The author's youthfulness helps to assure the inevitable comparison with the Anne Frank diary although over and above the sphere of suffering shared, and in this case extended to the death march itself, there is no spiritual or emotional legacy here to offset any reader reluctance.

Pub Date: Jan. 16, 2006

ISBN: 0374500010

Page Count: 120

Publisher: Hill & Wang

Review Posted Online: Oct. 7, 2011

Kirkus Reviews Issue: Jan. 15, 2006

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A clear, useful guide through the current chaotic political landscape.

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A sharp explanation of how American politics has become so discordant.

Journalist Klein, co-founder of Vox, formerly of the Washington Post, MSNBC, and Bloomberg, reminds readers that political commentators in the 1950s and ’60s denounced Republicans and Democrats as “tweedledum and tweedledee.” With liberals and conservatives in both parties, they complained, voters lacked a true choice. The author suspects that race played a role, and he capably shows us why and how. For a century after the Civil War, former Confederate states, obsessed with keeping blacks powerless, elected a congressional bloc that “kept the Democratic party less liberal than it otherwise would’ve been, the Republican Party congressionally weaker than it otherwise would’ve been, and stopped the parties from sorting themselves around the deepest political cleavage of the age.” Following the passage of the 1964 Civil Rights Act, many white Southern Democrats became Republicans, and the parties turned consistently liberal and conservative. Given a “true choice,” Klein maintains, voters discarded ideology in favor of “identity politics.” Americans, like all humans, cherish their “tribe” and distrust outsiders. Identity was once a preoccupation of minorities, but it has recently attracted white activists and poisoned the national discourse. The author deplores the decline of mass media (network TV, daily newspapers), which could not offend a large audience, and the rise of niche media and internet sites, which tell a small audience only what they want to hear. American observers often joke about European nations that have many parties who vote in lock step. In fact, such parties cooperate to pass legislation. America is the sole system with only two parties, both of which are convinced that the other is not only incompetent (a traditional accusation), but a danger to the nation. So far, calls for drastic action to prevent the apocalypse are confined to social media, fringe activists, and the rhetoric of Trump supporters. Fortunately—according to Klein—Trump is lazy, but future presidents may be more savvy. The author does not conclude this deeply insightful, if dispiriting, analysis by proposing a solution.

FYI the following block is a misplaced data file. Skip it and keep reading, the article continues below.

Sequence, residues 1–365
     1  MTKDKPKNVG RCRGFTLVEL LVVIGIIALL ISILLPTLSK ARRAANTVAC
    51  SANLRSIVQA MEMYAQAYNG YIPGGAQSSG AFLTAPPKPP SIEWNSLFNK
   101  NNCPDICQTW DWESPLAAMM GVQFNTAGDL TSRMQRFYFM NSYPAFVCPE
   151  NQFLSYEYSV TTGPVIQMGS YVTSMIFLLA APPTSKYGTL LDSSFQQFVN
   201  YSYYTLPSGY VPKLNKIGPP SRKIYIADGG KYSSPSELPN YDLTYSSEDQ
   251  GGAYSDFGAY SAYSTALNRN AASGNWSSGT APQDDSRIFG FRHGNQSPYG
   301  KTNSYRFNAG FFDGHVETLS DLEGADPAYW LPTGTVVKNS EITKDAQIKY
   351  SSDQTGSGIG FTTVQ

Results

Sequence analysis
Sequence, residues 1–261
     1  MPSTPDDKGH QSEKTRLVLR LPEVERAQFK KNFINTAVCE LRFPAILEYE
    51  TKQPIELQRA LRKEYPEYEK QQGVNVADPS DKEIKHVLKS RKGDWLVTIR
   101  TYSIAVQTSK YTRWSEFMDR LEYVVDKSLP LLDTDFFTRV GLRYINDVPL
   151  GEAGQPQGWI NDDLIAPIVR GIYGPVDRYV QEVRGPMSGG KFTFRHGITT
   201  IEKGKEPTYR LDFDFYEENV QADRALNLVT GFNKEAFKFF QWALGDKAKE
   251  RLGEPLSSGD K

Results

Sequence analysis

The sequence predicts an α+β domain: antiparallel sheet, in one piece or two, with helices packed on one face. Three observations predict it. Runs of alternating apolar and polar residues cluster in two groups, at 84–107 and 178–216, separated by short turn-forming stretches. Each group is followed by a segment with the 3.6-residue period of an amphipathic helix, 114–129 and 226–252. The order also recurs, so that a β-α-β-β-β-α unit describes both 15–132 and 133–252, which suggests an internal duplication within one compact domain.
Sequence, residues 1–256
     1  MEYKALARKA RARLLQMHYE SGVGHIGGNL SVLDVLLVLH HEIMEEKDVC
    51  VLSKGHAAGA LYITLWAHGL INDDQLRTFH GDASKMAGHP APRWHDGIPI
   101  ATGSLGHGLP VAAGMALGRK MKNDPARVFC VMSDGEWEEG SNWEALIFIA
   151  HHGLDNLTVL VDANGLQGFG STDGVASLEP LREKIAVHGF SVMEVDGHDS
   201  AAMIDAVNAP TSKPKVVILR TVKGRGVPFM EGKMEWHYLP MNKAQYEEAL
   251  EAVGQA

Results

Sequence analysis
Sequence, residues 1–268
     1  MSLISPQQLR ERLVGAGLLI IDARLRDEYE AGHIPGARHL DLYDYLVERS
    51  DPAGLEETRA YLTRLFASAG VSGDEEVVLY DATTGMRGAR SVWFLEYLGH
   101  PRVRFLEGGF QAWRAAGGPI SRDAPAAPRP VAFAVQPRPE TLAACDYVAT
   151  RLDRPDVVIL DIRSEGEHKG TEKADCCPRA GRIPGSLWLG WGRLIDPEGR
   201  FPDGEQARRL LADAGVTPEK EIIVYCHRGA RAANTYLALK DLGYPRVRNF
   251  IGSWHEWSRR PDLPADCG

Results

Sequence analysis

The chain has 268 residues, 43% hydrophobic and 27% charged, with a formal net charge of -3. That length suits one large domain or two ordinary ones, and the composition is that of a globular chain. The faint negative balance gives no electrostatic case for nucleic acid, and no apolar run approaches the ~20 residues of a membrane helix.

A clear, useful guide through the current chaotic political landscape.

Pub Date: Jan. 28, 2020

ISBN: 978-1-4767-0032-8

Page Count: 336

Publisher: Avid Reader Press

Review Posted Online: Dec. 22, 2019

Kirkus Reviews Issue: Jan. 15, 2020